7. Poems of that second kind, which our list has called Historical Narratives, were the most ambitious of the original compositions. But, though all that are worth remembering came after Spenser, none of them attempted to recreate his world of allegoric and chivalrous wonders. Nor was this by any means the most successful walk of the art.

The favourite topics, besides a few religious ones, were Classical stories, which were treated frequently, or passages from English history, which were still more common, and were often dealt with in avowed imitation or continuation of the old Mirror of Magistrates. In the former class, the most striking are two youthful poems of Shakspeare, the Lucrece, and the Venus and Adonis; pieces morally equivocal in tone, but characteristically beautiful in sentiment and imagery. Of the extracts from the national history, there are not a few which were very celebrated. Daniel's series of poems from the Wars of the Roses, is soft and pleasing in details, but verbose and languid. Drayton's "Barons' Wars,” and “England's Heroical Epistles,” are much more interesting, and in many passages both touching and imaginative; but in neither of them is there shown a just conception of the poet's prerogative of idealizing the actual. The good taste of our own time has rescued from forgetfulness two interesting poems of this class : Chamberlayne's Pharonnida;" and the "Thealma and Clearchus,” which Walton published as the work of an unknown poet named Chalkhill. Several others must be left quite unnoticed: and this series may be closed with the vigorous fragment of “Gondibert,” by the dramatist Sir William Davenant.

But different from all these were the religious poems composed by the two brothers Fletcher, cousins of the dramatic writer. “The Purple Island” of the younger brother, Phineas, is the nearest thing we have to an imitation of Spenster; but it

b. ab. 1580. d. 1623.

is hardly worthy of its fame. It is an undisguised and wearisome allegory, symbolizing all parts and functions both of man's body and of his mind; and it is redeemed only by the poetical spirit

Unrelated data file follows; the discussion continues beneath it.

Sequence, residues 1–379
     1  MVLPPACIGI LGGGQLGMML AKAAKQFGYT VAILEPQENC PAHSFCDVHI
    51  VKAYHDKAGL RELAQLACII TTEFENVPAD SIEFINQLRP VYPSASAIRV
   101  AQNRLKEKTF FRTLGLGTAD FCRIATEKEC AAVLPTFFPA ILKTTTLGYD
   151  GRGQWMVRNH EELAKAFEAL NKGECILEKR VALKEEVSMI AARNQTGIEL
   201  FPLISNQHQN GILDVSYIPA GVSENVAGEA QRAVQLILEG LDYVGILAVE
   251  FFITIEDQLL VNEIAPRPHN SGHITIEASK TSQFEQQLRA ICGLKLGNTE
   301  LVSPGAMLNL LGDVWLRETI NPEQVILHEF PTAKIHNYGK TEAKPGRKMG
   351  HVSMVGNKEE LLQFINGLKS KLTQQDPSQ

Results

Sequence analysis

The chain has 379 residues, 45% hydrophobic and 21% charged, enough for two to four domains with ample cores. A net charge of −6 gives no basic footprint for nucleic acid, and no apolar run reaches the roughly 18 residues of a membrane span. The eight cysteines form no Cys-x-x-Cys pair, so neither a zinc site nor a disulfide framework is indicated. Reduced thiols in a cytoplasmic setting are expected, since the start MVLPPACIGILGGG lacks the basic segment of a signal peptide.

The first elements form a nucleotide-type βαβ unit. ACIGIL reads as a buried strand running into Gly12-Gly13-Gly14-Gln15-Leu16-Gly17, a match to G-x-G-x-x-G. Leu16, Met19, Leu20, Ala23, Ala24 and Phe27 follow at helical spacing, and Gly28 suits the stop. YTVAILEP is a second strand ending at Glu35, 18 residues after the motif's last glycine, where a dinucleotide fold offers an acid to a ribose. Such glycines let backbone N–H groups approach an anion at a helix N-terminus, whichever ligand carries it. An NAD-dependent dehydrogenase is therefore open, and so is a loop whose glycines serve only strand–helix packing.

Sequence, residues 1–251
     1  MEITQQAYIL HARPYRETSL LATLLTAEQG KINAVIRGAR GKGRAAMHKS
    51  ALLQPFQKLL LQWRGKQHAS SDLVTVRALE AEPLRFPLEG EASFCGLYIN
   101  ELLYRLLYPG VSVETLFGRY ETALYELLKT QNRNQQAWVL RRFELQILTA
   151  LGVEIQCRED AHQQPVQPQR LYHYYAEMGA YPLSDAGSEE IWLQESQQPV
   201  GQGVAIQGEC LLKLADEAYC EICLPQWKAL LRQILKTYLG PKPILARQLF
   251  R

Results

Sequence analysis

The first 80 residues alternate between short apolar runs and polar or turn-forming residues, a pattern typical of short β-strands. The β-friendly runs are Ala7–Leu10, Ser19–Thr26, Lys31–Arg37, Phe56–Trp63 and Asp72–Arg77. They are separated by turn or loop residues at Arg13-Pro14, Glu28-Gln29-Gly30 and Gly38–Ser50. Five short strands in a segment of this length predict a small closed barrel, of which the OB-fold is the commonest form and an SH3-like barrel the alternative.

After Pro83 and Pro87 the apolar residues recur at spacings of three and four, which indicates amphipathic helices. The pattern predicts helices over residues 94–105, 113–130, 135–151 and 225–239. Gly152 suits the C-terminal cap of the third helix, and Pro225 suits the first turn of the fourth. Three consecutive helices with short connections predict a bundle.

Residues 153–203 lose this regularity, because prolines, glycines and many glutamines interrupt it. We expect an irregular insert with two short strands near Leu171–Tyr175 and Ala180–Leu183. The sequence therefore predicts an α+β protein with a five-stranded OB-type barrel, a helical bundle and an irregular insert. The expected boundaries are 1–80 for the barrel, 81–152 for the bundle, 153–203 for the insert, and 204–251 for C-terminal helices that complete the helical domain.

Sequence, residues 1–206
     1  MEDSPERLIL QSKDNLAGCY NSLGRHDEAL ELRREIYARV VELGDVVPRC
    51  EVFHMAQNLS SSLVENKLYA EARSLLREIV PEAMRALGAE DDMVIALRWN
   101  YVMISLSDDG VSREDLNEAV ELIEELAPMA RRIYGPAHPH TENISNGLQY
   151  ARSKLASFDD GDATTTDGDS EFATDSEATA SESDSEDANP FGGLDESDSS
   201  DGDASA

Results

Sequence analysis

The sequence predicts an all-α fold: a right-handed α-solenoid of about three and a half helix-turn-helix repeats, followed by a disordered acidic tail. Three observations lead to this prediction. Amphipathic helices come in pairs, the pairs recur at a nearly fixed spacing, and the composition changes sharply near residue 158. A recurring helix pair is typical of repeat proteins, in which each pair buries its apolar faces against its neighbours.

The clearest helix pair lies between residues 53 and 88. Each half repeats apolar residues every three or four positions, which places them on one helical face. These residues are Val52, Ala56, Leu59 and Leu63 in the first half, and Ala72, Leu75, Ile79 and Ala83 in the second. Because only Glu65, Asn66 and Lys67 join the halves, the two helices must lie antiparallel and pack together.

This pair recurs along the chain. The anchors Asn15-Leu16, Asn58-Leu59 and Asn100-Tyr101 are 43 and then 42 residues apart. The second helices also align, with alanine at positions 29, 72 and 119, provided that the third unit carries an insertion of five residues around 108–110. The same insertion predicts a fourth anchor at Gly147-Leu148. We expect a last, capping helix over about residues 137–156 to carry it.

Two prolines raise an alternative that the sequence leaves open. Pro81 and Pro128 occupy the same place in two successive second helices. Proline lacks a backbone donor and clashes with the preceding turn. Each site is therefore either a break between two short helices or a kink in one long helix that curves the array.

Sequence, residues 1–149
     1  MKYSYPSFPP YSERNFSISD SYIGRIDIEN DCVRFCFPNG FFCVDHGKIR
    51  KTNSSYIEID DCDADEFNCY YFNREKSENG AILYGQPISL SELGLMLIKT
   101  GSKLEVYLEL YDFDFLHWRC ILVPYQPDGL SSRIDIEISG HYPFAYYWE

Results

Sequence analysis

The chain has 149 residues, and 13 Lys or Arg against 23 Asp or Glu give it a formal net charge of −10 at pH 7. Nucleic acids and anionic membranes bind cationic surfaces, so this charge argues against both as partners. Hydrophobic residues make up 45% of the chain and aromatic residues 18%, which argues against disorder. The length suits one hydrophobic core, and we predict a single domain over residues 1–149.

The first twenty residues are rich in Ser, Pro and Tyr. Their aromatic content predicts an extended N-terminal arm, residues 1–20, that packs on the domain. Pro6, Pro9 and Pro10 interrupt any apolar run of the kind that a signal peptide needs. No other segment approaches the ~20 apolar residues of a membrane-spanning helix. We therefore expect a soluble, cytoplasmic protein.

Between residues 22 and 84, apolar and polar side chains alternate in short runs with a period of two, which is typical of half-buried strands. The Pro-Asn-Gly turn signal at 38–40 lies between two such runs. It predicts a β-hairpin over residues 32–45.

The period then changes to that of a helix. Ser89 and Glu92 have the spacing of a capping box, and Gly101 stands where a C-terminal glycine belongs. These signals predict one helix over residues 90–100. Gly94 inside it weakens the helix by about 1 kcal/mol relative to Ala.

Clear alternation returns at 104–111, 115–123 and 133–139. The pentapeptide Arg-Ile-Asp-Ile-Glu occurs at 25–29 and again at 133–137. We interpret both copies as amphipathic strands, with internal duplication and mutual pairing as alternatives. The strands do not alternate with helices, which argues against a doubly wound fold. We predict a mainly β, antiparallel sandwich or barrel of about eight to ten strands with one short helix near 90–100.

of some of the passages. Giles Fletcher, however, has

given us one of the most beautiful religious poems in any language, animated in narrative, lively in fancy, and touching in feeling. Over-abundant it is, doubtless, in allegory; but the interest is wonderfully well sustained in spite of this. It is a narrative, which reminds us of Milton, and with which Milton was familiar, of the redemption of man; and its four parts are joined together under the common title of “ Christ's Victory and Triumphs."*

8. Not easily distinguishable from our last kind of poems, in some points, are the Pastorals, a kind of composition which probably gave birth, early in the seventeenth century, to a larger array of attractive passages of verse than any other. From


From Christ's Victory in Heaven.”
But Justice had no sooner Mercy seen

Smoothing the wrinkles of her Father's brow,
But up she starts, and throws herself between :

As when a vapour from a moory slough,

Meeting with fresh Eoüs, that but now
Opend the world which all in darkness lay,

Doth heav'n's bright face of his rays disarray,
And sads the smiling orient of the springing day.

She was a virgin of austere regard;

Not, as the world esteems her, deaf and blind;
But as the eagle, that hath oft compared

Her eye with heav'n's, so and more brightly shined

Her lamping sight; for she the same could wind
Into the solid heart; and with her ears

The silence of the thought loud-speaking hears;
And in one hand a pair of even scales she wears.

No riot of affection revel kept

Within her breast; but a still apathy
Possessëd all her soul, which softly slept,

Securely, without tempest: no sad cry

Awakes her pity: but wrong'd poverty,
Sending his eyes to heav'n swimming in tears,

With hideous clamours ever struck her ears,
Whetting the blazing sword that in her hand she bears.